Wednesday, September 12, 2018

New compensation rules.

Whenever Defra have a 'consultation' paper, it is to rubber stamp what they've already decided to inflict on the agricultural community. And so it appears with the latest one on tabular compensation for zTB reactors, following a public 'consulation' last year.

 Published last week, the Briefing note outlines new rules to be enacted on November 1st.

 To inform Official Veterinarians that from the 1st November 2018 there will be changes to The Cattle Compensation (England) Order 2012 .

 * Reduction in compensation of 50% for animals which arrive at the slaughterhouse too dirty to process.

 * Reduction in compensation of 50% for animals brought in to a herd during a TB breakdown which are subsequently removed as reactors or direct contacts (DCs) prior to the herd regaining official TB free (OTF) status.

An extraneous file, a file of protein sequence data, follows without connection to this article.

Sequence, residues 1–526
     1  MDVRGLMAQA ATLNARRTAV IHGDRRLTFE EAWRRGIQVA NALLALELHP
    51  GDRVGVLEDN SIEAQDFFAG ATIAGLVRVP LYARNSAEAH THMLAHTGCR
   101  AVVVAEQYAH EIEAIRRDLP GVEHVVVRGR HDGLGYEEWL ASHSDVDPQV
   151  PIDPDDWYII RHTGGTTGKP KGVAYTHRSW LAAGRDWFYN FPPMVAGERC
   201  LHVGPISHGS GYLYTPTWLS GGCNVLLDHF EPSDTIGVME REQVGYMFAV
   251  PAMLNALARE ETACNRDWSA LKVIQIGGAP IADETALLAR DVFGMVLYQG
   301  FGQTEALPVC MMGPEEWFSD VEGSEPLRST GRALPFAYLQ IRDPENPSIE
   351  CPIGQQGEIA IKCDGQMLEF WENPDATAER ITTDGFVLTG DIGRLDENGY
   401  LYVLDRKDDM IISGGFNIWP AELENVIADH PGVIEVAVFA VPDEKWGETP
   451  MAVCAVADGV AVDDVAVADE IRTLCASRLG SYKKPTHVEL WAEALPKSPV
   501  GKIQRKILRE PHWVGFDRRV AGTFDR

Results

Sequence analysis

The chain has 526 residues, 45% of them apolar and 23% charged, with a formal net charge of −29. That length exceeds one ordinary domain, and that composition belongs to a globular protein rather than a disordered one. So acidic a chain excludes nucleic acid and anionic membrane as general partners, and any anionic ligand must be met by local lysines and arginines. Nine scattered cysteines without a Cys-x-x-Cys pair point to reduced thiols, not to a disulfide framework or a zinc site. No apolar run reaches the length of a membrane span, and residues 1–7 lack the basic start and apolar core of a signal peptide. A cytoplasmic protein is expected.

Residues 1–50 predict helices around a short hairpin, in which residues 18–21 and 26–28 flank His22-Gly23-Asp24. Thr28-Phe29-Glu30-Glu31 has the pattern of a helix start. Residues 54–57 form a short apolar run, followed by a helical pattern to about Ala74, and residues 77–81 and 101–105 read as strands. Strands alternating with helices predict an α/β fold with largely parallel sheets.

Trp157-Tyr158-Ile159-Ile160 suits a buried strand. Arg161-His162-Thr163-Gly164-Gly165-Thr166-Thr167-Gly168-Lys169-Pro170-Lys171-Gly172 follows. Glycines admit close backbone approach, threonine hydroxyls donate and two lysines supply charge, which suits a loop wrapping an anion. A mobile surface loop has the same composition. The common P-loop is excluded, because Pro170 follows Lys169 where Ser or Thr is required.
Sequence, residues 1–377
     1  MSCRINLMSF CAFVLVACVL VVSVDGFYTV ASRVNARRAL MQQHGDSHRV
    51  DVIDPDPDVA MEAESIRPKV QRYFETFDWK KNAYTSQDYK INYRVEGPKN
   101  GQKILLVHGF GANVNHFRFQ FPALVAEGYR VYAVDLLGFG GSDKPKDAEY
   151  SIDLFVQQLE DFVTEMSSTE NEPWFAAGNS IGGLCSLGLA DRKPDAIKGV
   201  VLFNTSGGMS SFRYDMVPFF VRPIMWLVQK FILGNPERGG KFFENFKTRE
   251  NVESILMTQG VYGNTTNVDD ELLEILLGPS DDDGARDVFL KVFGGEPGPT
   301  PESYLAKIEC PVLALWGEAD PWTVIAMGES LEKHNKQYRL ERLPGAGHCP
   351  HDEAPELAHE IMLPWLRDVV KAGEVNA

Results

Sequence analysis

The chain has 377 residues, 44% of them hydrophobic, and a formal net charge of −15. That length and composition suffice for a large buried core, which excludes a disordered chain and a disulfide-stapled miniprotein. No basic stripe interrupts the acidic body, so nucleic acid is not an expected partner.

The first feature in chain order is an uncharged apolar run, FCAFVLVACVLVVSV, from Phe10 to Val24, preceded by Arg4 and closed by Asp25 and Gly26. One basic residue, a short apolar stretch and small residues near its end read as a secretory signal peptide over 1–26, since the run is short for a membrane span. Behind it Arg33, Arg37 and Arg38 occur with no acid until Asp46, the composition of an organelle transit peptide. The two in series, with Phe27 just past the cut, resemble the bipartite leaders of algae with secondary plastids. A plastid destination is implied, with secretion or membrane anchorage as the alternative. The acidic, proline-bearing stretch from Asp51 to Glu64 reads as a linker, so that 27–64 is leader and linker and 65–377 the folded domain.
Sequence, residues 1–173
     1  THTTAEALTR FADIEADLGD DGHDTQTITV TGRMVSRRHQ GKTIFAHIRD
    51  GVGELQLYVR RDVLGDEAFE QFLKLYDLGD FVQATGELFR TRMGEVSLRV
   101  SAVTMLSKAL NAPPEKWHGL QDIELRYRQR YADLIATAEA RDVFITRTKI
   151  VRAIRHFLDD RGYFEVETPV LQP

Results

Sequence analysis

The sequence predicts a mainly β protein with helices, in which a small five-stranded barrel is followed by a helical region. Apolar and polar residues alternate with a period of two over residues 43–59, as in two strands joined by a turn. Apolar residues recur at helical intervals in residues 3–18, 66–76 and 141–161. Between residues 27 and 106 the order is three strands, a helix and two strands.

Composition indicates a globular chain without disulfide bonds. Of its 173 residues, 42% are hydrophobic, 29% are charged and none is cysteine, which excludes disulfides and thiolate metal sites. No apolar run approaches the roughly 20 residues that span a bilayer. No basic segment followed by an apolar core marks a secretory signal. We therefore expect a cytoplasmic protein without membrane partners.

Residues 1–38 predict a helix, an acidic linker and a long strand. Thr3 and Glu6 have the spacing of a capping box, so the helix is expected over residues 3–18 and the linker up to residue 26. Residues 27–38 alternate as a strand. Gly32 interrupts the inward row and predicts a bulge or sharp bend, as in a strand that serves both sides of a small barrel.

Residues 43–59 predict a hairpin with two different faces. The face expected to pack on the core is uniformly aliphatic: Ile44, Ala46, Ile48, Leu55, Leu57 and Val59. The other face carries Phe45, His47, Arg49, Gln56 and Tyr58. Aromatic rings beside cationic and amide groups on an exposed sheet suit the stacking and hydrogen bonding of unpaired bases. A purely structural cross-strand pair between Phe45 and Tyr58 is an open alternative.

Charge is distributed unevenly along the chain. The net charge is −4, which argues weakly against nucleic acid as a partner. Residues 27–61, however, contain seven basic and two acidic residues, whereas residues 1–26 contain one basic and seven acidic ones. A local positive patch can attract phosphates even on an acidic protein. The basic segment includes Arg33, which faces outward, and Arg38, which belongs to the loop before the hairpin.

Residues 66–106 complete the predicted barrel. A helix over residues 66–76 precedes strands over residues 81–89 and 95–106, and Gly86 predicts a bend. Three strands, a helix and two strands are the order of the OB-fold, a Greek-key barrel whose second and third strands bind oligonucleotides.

* Compensation to be paid for privately slaughtered reactors if they are found to be totally condemned for reasons of TB only.

Now, we would point out, with the greatest of respect of course, that many animals destined for Defra's funeral pyre, are not farmed as meat animals and thus maybe not be as pristine clean as they would be for planned slaughter, at the time of TB testing. We would also point out that abattoirs provide a clipping service for such eventualities, and charge between £10 and £15  per animal to clip it safely. And that is not half the animal's value.

APHA licenses to purchase cattle as replacements during the course of a zTB restriction, have always been at veterinary discretion, and were there to make sure that the business itself, and its throughput of milk or beef, could continue. That will no longer be the case. 
Thus farmers who buy in with an APHA license while under TB restriction in order to continue their businesses, are being effectively put out of business - or forced to break the law in dealing with an external source of infection that Defra refuse to touch with a ten foot pole.

The full text of the document can be found here - [link]

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